ESL2ESP session - Jan 17-Feb 26
Week 4- February 7 - 13
Creating ESP Curriculum/ Activities
Course Design, Activities, and Assessment
General Comments and Questions by Week 4 guest moderator, Dafne Gonzalez
Dear all,
Thanks Christine and Buth for your invitation! It is my pleasure to be here with you, as one of the guest-moderators for week 4, honored to shared this task with Adam Turner. I apologize for not having participated in the discussion, I have been a lurker, skimming through the messages and trying to follow the enlightening discussion, while co-moderating another session "Becoming a Webhead" which has taken most of my free time; but I promise I will be around this week sharing and learning from and with you all :-)

During this week we will be talking about ESP course design, activities and, of course, this includes assessment. But before getting down to business, let me briefly tell you how I became an ESP teacher.

Since I graduated in Modern Languages, I had been teaching EST (English for Science and Technology) at different universities, mainly through reading, and I also taught EFL from k-12. In the meantime, I completed a MA in Educational Technology and a MA in Applied Linguistics. Then, in 1997, a colleague and I were asked to teach English for Architecture, a 4-skill program taught at my university. To tell you the truth, I was scared to death, because I did not know anything about architecture not even in my native language. But I decided to take the challenge, and said YES!!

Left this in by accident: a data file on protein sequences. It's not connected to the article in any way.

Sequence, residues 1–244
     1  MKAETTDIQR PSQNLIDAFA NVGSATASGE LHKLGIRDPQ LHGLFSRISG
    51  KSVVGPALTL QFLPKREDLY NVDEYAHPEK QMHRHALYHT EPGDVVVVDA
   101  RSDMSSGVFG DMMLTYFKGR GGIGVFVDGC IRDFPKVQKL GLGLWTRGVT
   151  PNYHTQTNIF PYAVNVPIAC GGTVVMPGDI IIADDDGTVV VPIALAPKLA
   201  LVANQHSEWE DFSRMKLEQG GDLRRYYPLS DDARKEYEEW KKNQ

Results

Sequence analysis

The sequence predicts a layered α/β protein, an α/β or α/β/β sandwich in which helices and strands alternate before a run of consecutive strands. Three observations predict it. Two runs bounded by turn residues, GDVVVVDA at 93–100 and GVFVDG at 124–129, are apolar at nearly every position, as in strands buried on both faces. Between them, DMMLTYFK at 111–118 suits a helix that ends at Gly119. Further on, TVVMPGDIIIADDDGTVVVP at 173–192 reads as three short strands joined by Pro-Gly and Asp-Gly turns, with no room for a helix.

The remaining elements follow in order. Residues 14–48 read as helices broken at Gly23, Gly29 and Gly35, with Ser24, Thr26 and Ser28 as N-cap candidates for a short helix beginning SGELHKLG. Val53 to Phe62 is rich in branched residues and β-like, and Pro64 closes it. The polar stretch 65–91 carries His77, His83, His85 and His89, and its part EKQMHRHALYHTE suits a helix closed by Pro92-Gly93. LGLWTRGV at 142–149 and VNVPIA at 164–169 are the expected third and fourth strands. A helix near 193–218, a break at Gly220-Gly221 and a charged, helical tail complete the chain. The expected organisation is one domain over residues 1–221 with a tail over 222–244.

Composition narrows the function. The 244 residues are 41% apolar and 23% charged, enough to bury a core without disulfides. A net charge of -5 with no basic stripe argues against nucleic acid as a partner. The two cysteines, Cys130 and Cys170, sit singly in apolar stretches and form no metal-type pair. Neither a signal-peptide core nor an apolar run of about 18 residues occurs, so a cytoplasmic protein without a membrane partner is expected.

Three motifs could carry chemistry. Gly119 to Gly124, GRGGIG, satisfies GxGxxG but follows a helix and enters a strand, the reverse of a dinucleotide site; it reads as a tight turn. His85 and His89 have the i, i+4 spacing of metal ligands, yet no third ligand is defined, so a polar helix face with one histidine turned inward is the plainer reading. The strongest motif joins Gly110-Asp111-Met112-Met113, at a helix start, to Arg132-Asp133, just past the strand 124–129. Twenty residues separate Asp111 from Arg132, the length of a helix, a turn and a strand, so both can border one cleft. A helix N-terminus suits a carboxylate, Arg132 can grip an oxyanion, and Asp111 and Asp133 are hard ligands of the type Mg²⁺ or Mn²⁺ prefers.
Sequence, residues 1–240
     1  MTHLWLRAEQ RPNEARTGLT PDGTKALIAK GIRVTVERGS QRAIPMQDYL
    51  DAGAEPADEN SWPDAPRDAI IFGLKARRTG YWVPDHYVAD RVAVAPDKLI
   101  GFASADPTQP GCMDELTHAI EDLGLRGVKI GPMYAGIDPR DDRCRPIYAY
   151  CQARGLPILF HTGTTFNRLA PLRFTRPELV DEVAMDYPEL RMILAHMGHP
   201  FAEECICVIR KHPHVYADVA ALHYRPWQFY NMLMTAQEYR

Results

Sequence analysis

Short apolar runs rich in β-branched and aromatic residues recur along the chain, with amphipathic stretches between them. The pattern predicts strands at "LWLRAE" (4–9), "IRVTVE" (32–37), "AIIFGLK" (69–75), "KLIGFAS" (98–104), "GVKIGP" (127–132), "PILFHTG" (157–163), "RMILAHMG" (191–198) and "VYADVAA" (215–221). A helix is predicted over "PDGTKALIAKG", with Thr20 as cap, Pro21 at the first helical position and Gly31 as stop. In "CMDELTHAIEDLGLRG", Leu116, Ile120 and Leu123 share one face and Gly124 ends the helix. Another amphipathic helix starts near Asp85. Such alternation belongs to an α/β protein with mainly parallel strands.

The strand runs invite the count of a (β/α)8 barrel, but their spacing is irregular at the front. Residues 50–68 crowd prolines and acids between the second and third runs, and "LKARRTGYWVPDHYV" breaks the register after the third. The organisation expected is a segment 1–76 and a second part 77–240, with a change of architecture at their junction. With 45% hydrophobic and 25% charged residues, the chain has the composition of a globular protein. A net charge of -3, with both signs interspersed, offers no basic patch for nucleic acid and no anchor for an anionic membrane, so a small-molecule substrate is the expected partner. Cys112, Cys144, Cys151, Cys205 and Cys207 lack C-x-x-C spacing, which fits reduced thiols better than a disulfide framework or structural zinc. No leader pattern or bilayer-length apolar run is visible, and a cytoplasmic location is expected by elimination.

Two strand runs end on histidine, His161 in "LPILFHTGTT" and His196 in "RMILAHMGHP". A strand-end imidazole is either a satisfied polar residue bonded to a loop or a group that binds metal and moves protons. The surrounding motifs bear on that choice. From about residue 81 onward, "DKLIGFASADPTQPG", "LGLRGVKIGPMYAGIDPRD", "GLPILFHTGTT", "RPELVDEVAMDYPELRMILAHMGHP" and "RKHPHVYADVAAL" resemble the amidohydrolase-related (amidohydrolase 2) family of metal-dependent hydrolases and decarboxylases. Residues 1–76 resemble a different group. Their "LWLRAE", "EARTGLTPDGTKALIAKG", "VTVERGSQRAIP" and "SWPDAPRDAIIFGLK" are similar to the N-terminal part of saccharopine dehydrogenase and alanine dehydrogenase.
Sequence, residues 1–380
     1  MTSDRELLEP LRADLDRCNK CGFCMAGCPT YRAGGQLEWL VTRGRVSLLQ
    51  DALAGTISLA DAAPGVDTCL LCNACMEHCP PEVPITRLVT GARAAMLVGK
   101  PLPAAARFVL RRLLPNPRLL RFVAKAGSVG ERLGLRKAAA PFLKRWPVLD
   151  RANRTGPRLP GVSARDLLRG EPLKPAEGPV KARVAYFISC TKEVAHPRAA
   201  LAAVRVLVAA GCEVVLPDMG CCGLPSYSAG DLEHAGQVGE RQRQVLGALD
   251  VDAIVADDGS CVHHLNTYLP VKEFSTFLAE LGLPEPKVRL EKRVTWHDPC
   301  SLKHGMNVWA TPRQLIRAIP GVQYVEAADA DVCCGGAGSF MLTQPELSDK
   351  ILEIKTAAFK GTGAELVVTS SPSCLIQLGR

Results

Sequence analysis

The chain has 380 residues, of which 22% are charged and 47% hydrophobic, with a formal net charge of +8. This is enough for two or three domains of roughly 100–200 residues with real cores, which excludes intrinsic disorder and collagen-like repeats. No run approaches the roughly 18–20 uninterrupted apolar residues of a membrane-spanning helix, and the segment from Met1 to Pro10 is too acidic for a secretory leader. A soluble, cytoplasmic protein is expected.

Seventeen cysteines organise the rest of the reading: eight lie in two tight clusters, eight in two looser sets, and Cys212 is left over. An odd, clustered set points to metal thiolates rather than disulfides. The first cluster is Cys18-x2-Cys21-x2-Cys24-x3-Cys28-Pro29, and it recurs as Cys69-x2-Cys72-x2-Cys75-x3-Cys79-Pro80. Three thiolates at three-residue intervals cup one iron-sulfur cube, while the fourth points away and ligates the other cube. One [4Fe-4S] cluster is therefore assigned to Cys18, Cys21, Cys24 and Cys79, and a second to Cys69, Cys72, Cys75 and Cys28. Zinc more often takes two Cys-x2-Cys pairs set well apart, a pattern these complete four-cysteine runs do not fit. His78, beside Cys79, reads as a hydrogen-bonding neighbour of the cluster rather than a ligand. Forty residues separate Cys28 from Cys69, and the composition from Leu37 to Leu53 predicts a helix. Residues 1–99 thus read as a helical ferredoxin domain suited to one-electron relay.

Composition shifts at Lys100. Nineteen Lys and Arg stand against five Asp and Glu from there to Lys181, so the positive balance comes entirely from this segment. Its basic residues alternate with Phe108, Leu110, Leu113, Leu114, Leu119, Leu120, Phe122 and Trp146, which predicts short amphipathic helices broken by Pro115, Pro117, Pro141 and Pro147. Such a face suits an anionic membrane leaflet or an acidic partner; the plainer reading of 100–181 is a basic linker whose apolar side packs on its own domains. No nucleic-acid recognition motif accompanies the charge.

The good news came from the professors who had taught those courses before: "You will never have the same students two classes in a row", "They hardly ever come to class", "They are late" always ending their remarks with "…but they are very nice kids and very creative"

Well, as you see, not a very encouraging image for us, newbies in the field. After a couple of years we can say that our English for Architecture program has been very successful. How? Well, to learn
the whole story, I have posted in the files section a previous version of a chapter published in a TESOL book on Content-Based Instruction, where we describe the process we followed to make
changes to the program we found, and the whole description of the activities and the assessment plan.
Gonzalez, D., & St. Louis, R. (2002). Content-based English for Specific Purposes course design: The case of English for Architecture. In J. Crandell & D. Kauffman (Eds.), Content-based
instruction in higher education (pp. 93-106). Alexandría, VA: TESOL Publications.

The tiny url to the document is: http://tinyurl.com/5mvsv

But the program did not stop there, in 2002, I decided to incorporate online components to our program; and nowadays, all our English for Architecture courses are blended. After reading the
chapter mentioned above, I invite you to take a closse look at one of these blended courses:

My idea is that you read the chapter, check out the site, and come up with comments and questions which I will be happy to answer.

Anxiously looking forward to your comments,


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